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Credit: James Cridland
Source: http://www.flickr.com/photos/jamescridland/613445810/

#### How can all of these people fit in such a small space?

Events draw large numbers of people to them.  Even an outdoor event can fill up so that there is no room for more people.  The crowd capacity depends on the amount of space in the venue, and the amount of space depends on the size of the objects filling it.  We can get more people into a given space than we can elephants, because the elephants are larger than people.  We can get more squirrels into that same space than we can people for the same reason.  Knowing the sizes of objects we are dealing with can be important in deciding how much space is needed.

The size of atoms is important when trying to explain the behavior of atoms or compounds.  One of the ways we can express the size of atoms is with the atomic radius .  This data helps us understand why some molecules fit together and why other molecules have parts that get too crowded under certain conditions.

The size of an atom is defined by the edge of its orbital. However, orbital boundaries are fuzzy and in fact are variable under different conditions. In order to standardize the measurement of atomic radii, the distance between the nuclei of two identical atoms bonded together is measured. The atomic radius is defined as one-half the distance between the nuclei of identical atoms that are bonded together.

Credit: CK-12 Foundation - Christopher Auyeung

The atomic radius (r) of an atom can be defined as one half the distance (d) between two nuclei in a diatomic molecule. [Figure2]

Atomic radii have been measured for elements. The units for atomic radii are picometers, equal to 10 -12 meters. As an example, the internuclear distance between the two hydrogen atoms in an H 2   molecule is measured to be 74 pm. Therefore, the atomic radius of a hydrogen atom is $\frac{74}{2} = 37 \ \text{pm}$ .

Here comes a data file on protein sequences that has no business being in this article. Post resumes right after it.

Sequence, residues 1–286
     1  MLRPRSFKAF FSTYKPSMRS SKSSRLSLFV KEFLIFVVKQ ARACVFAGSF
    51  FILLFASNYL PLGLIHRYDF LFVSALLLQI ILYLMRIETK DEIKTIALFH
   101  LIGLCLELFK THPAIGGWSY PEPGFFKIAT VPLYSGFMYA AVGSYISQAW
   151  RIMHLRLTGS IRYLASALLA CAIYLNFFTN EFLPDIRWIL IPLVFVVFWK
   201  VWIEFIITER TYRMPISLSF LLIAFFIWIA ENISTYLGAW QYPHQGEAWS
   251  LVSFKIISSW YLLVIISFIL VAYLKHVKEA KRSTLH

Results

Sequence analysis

Credit: CK-12 Foundation - Christopher Auyeung

Atomic radii of the representative elements measured in picometers. [Figure3]

#### Periodic Trend

The atomic radius of atoms generally decreases from left to right across a period. There are some small exceptions, such as the oxygen radius being slightly greater than the nitrogen radius. Within a period, protons are added to the nucleus as electrons are being added to the same principal energy level. These electrons are gradually pulled closer to the nucleus because of its increased positive charge. Since the force of attraction between nuclei and electrons increases, the size of the atoms decreases. The effect lessens as one moves further to the right in a period because of electron-electron repulsions that would otherwise cause the atom’s size to increase.

#### Group Trend

The atomic radius of atoms generally increases from top to bottom within a group. As the atomic number increases down a group, there is again an increase in the positive nuclear charge. However, there is also an increase in the number of occupied principle energy levels. Higher principal energy levels consist of orbitals which are larger in size than the orbitals from lower energy levels. The effect of the greater number of principal energy levels outweighs the increase in nuclear charge and so atomic radius increases down a group.

Credit: CK-12 Foundation - Christopher Auyeung

A graph of atomic radius plotted versus atomic number. Each successive period is shown in a different color. As the atomic number increases within a period, the atomic radius decreases. [Figure4]

#### Summary

• Atomic radius is determined as the distance between the nuclei of two identical atoms bonded together.
• The atomic radius of atoms generally decreases from left to right across a period.
• The atomic radius of atoms generally increases from top to bottom within a group.

#### Practice

Questions

1. What influences the atomic size of an atom?
2. What is a covalent radius?
3. What is an ionic radius?

#### Review

Questions

2. What are the units for measurement of atomic radius?
3. How does the atomic radius change across a period?
4. How does atomic radius change from top to bottom within a group?
5. Explain why the atomic radius of hydrogen is so much smaller that the atomic radius for potassium.

1. [1]^ Credit: James Cridland; Source: http://www.flickr.com/photos/jamescridland/613445810/; License: CC BY-NC 3.0
2. [2]^ Credit: CK-12 Foundation - Christopher Auyeung; License: CC BY-NC 3.0
3. [3]^ Credit: CK-12 Foundation - Christopher Auyeung; License: CC BY-NC 3.0
4. [4]^ Credit: CK-12 Foundation - Christopher Auyeung; License: CC BY-NC 3.0